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Before the start of business, Just Security provides a curated summary of up-to-the-minute developments at home and abroad. Here’s today’s news.


Russia, China and Iran have “stepped up” their attacks on the upcoming presidential election, Microsoft’s vice president of customer security and trust, Tom Burt, wrote in a blog post yesterday, indicating that targets include the campaigns of President Trump and Democratic presidential nominee Joe Biden, political parties, consultants and think-tanks. Burt identified a number of hacking groups that were attempting to carry out cyberattacks. Russian hacking group “Strontium,” also dubbed “Fancy Bear,” responsible for the hacking of the Democratic National Committee networks in 2016, has apparently targeted over 200 organizations, political campaigns and parties over the past 12 months. Regarding China, Burt said hacking group “Zirconium” has attempted “thousands” of attacks between May and September, with close to 150 near successful compromises. It also targeted an unnamed former Trump administration official. Iran’s cyberattack group “Phosphorus” has also targeted the personal and professional email accounts of Trump’s campaign staffers. Maggie Miller reports for The Hill.

The Treasury Department yesterday added Ukrainian lawmaker Andriy Derkach, who was linked to Trump’s lawyer Rudy Giuliani’s efforts to discredit Biden, to its specially designated nationals list, accusing him of being an “active Russian agent” supporting the Kremlin effort to interfere in the 2020 presidential election campaigns. The department accused Derkach of being “an active Russian agent for over a decade,” further adding to an assessment made last month by William Evanina, the director of the National Counterintelligence and Security Center, that Derkach was spreading disinformation to “undermine” Biden. The department found that “Derkach has directly or indirectly engaged in, sponsored, concealed, or otherwise been complicit in foreign interference in an attempt to undermine the upcoming 2020 U.S. presidential election.” Also, three Russians — Anton Andreyev, Darya Aslanova and Artem Lifshits — were sanctioned by the department for their link to cryptocurrency accounts of the Internet Research Agency (IRA), a Russian group previously sanctioned for interfering in U.S. elections. Kyle Cheney and Natasha Bertrand report for POLITICO.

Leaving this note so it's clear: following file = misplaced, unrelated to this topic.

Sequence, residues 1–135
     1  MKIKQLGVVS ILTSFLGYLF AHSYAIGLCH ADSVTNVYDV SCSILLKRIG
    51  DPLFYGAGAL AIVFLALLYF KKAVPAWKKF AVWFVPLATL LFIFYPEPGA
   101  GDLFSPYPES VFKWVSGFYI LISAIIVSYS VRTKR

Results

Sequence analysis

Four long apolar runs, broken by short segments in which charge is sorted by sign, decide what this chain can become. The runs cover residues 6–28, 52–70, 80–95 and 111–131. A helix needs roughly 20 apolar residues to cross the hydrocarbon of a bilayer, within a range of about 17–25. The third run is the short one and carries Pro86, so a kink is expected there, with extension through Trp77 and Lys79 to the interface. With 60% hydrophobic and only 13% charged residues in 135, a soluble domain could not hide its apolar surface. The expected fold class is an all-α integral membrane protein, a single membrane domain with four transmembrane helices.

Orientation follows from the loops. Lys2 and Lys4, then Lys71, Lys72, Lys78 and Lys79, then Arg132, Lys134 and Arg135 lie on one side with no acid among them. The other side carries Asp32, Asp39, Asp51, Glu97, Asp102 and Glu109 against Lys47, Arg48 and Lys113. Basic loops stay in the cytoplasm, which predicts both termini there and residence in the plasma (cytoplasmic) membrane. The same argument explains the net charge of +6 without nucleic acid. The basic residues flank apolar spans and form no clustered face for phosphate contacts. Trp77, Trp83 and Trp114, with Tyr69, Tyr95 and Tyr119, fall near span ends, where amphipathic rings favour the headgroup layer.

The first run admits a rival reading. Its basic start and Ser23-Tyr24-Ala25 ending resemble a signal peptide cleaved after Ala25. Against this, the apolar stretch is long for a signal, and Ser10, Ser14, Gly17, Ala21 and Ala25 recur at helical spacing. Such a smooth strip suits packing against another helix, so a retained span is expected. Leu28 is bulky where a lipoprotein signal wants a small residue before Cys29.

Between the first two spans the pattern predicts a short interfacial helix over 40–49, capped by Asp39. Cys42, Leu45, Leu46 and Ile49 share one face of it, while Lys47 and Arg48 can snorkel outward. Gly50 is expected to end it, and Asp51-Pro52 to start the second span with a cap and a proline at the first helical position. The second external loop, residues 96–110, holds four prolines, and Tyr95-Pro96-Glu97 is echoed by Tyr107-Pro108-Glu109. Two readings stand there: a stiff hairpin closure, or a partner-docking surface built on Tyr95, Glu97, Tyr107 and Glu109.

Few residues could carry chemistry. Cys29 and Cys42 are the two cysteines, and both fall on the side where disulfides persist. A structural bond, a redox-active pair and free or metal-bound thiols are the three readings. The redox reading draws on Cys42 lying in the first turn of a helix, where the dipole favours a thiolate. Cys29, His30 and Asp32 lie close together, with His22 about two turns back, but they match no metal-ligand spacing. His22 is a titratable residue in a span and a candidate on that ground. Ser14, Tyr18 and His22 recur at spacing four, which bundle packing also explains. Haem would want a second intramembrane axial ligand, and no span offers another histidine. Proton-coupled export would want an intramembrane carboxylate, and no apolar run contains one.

Leaders on the Senate Intelligence Committee have rejected a call to share its documents and information with GOP Senators leading investigations into the Obama administration, with Sens. Ron Johnson (WI), chair of the Senate Homeland Security and Governmental Affairs Committee, and Chuck Grassley (IA), chair of the Senate Finance Committee and member of the Senate Judiciary Committee, stating that it is unlikely they will get access to the intelligence panel’s transcripts related to the FBI investigation into Russian interference in the 2016 election, which they say would ensure their own investigations do not duplicate work already done by the intelligence panel. Johnson and Grassley sent a joint letter to leaders of the Intelligence Committee Sens. Marco Rubio (R-FL) and Mark Warner (D-VA) last month but have yet to receive any requested documents. Jordain Carney reports for The Hill.

Social media giant Twitter has expanded its rules against spreading misinformation or disinformation about voting and elections, it confirmed in a blog post yesterday, stating it would require users to remove tweets that “may suppress participation or mislead people about when, where, or how to participate in a civic process” such as voting. Twitter acknowledged the changes in how people will vote this year and made clear they would try to protect voters against being misled. Reuters reporting.


The novel coronavirus has infected over 6.39 million and killed close to 192,000 people in the United States, according to data compiled by Johns Hopkins University. Globally, there is more than 28.18 million confirmed coronavirus cases and over 909,000 deaths. Sergio Hernandez, Sean O’Key, Amanda Watts, Byron Manley and Henrik Pettersson report for CNN.

The Senate yesterday failed to pass it’s $300 billion GOP-led coronavirus relief package after Democrats blocked the scaled-down measure, lessening the chances that Congress will be able to pass another package before the upcoming November election. The vote was 52-47 — all but one Republican voted in favor, with all Democrats voting against — and so did not meet the required 60 votes to advance the partisan bill to its next stage. Andrew Duehren and Kristina Peterson report for the Wall Street Journal.